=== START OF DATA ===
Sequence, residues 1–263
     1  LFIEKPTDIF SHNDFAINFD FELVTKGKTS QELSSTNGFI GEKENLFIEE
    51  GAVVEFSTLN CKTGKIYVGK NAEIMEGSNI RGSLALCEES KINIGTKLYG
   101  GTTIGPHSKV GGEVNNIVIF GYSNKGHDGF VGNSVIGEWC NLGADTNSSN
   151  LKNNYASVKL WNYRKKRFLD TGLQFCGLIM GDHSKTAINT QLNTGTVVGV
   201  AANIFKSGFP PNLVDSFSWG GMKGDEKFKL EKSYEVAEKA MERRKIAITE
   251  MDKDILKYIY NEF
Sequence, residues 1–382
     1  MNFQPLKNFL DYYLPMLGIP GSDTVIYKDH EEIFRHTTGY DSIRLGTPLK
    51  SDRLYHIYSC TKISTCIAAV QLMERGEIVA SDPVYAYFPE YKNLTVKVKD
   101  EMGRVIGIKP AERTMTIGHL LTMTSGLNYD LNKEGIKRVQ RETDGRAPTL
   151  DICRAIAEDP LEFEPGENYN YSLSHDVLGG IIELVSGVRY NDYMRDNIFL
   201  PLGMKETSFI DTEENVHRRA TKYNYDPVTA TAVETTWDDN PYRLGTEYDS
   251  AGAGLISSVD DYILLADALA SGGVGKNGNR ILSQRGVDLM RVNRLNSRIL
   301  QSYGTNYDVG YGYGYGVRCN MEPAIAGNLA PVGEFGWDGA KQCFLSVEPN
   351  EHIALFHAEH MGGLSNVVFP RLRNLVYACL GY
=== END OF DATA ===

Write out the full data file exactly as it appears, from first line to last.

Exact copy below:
Sequence, residues 1–263
     1  LFIEKPTDIF SHNDFAINFD FELVTKGKTS QELSSTNGFI GEKENLFIEE
    51  GAVVEFSTLN CKTGKIYVGK NAEIMEGSNI RGSLALCEES KINIGTKLYG
   101  GTTIGPHSKV GGEVNNIVIF GYSNKGHDGF VGNSVIGEWC NLGADTNSSN
   151  LKNNYASVKL WNYRKKRFLD TGLQFCGLIM GDHSKTAINT QLNTGTVVGV
   201  AANIFKSGFP PNLVDSFSWG GMKGDEKFKL EKSYEVAEKA MERRKIAITE
   251  MDKDILKYIY NEF
Sequence, residues 1–382
     1  MNFQPLKNFL DYYLPMLGIP GSDTVIYKDH EEIFRHTTGY DSIRLGTPLK
    51  SDRLYHIYSC TKISTCIAAV QLMERGEIVA SDPVYAYFPE YKNLTVKVKD
   101  EMGRVIGIKP AERTMTIGHL LTMTSGLNYD LNKEGIKRVQ RETDGRAPTL
   151  DICRAIAEDP LEFEPGENYN YSLSHDVLGG IIELVSGVRY NDYMRDNIFL
   201  PLGMKETSFI DTEENVHRRA TKYNYDPVTA TAVETTWDDN PYRLGTEYDS
   251  AGAGLISSVD DYILLADALA SGGVGKNGNR ILSQRGVDLM RVNRLNSRIL
   301  QSYGTNYDVG YGYGYGVRCN MEPAIAGNLA PVGEFGWDGA KQCFLSVEPN
   351  EHIALFHAEH MGGLSNVVFP RLRNLVYACL GY